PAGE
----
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FIGURE 1–4. Key common neurocircuitry elements in drug-seeking behavior of addiction.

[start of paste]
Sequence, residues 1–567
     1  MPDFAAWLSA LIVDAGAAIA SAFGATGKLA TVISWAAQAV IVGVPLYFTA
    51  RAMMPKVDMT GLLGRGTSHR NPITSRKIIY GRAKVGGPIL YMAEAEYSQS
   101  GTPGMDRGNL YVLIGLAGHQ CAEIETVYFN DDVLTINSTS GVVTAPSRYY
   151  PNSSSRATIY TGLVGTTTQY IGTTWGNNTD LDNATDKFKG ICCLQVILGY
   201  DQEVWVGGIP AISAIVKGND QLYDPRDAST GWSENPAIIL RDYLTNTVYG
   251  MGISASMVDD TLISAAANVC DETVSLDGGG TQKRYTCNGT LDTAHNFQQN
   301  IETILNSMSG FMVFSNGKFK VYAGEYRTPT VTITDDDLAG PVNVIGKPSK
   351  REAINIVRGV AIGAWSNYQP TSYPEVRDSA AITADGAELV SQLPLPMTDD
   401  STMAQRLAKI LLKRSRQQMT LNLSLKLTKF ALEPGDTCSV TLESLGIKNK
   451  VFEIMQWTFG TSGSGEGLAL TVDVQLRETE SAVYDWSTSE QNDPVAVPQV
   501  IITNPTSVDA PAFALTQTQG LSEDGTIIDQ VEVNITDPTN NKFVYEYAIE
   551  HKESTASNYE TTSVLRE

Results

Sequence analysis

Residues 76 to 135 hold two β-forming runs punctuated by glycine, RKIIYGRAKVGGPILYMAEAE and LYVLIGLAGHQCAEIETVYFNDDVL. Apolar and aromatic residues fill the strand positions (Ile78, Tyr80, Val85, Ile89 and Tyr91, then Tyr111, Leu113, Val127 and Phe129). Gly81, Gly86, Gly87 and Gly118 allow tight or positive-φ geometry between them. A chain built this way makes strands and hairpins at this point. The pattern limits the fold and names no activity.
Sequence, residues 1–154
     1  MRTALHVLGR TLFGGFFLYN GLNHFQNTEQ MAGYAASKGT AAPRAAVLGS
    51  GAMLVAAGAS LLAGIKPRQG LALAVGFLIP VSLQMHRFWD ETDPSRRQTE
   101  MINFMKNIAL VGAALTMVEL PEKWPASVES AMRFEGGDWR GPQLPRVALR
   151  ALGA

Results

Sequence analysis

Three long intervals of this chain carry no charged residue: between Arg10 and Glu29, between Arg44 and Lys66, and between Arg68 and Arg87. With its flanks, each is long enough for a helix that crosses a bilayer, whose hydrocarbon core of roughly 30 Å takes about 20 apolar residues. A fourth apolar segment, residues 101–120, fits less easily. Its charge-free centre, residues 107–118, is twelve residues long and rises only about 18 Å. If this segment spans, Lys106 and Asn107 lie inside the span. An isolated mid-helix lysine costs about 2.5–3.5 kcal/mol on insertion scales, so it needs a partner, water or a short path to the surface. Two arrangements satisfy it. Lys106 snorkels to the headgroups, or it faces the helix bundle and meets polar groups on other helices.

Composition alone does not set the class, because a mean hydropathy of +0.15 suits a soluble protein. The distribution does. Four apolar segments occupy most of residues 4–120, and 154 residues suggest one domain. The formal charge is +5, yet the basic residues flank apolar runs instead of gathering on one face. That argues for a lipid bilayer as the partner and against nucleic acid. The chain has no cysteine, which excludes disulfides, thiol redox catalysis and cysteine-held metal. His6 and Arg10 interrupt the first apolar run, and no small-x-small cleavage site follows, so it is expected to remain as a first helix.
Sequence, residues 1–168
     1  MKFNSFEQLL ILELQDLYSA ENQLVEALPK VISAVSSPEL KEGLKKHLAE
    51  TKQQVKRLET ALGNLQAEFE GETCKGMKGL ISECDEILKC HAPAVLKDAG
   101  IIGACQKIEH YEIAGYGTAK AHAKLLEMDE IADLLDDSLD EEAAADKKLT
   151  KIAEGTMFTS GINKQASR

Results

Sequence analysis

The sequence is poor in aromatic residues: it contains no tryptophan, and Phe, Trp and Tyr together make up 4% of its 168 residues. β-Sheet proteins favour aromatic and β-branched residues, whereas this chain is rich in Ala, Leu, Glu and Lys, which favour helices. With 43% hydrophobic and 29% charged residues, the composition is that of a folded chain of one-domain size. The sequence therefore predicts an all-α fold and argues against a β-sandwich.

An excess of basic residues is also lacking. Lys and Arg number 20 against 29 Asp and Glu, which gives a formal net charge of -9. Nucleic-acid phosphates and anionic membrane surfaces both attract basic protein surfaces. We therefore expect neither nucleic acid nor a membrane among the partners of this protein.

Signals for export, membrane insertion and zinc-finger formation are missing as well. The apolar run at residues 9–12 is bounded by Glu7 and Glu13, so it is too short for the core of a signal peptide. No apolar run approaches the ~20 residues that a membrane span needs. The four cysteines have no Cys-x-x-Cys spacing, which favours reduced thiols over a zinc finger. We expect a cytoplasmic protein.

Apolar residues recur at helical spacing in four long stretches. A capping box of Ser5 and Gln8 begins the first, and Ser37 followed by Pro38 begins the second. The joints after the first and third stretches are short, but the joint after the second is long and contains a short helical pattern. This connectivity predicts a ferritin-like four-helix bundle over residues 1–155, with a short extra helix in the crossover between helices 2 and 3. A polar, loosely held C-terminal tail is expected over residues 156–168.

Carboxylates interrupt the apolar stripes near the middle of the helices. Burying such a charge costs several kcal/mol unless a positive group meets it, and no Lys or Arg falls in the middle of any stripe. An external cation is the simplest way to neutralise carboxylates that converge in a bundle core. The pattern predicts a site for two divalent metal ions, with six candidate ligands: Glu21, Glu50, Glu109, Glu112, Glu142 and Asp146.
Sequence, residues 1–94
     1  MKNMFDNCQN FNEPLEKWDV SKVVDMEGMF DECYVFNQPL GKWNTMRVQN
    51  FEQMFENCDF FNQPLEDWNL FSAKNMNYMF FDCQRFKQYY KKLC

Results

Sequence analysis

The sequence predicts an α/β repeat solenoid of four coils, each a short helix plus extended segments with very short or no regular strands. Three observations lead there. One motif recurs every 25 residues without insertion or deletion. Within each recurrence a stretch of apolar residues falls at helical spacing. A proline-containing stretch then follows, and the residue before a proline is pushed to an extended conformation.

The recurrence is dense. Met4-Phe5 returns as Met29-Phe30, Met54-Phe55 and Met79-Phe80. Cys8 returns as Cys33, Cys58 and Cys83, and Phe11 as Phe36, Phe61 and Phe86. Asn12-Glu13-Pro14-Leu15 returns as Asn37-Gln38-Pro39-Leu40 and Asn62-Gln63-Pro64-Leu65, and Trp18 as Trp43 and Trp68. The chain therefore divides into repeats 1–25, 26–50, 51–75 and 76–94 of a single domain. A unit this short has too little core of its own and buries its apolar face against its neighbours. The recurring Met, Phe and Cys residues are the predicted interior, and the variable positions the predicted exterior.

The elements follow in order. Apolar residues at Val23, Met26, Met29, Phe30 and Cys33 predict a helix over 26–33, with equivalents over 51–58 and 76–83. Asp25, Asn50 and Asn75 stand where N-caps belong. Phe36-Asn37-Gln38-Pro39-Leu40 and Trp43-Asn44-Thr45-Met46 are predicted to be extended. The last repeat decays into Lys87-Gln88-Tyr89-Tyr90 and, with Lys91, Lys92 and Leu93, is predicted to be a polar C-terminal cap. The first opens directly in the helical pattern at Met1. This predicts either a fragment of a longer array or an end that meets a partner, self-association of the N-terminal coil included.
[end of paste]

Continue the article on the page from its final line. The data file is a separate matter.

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FIGURE 1–4. Key common neurocircuitry elements in drug-seeking behavior of addiction.Three major circuits that underlie addiction can be distilled from the literature. A drug reinforcement circuit (reward and stress) is composed of the extended amygdala, including the central nucleus of the amygdala, the bed nucleus of the stria terminalis, and the transition zone in the shell of the nucleus accumbens. Multiple modulator neurotransmitters are hypothesized, including dopamine and opioid peptides for reward; and corticotropin-releasing factor and norepinephrine for stress. The extended amygdala is hypothesized to mediate integration of rewarding stimuli or stimuli with positive incentive salience and aversive stimuli or stimuli with negative aversive salience. During acute intoxication, valence is weighted on processing rewarding stimuli, and, during the development of dependence, aversive stimuli come to dominate function. A drug- and cue-induced reinstatement (craving) neurocircuit is composed of the prefrontal (anterior cingulate, prelimbic, orbitofrontal) cortex and basolateral amygdala, with a primary role hypothesized for the basolateral amygdala in cue-induced craving and a primary role for the medial prefrontal cortex in drug-induced craving, based on animal studies. Human imaging studies have shown an important role for the orbitofrontal cortex in craving (see text). A drug-seeking circuit (compulsive) circuit is composed of the nucleus accumbens, ventral pallidum, thalamus, and orbitofrontal cortex. The nucleus accumbens has long been hypothesized to have a role in translating motivation to action and forms an interface between the reward functions of the extended amygdala and the motor functions of the ventral striatal–ventral pallidal–thalamic-cortical loops. The striatal-pallidal-thalamic loops reciprocally move from prefrontal cortex to orbitofrontal cortex to motor cortex—ultimately leading to drug-seeking behavior. Note that, for the sake of simplicity, other structures are not included, such as the hippocampus (which presumably mediates context-specific learning, including that associated with drug actions). Also note that dopamine and norepinephrine both have widespread innervation of cortical regions and may modulate function relevant to drug addiction in those structures. CRF = corticotropin-releasing factor; DA = dopamine; -END = -endorphin; ENK = emkephalin; NE = norepinephrine; VTA = ventral tegmental area.Source. Reprinted from Koob GF, Le Moal M: Neurobiology of Addiction. London, Academic Press, 2005. Used with permission.

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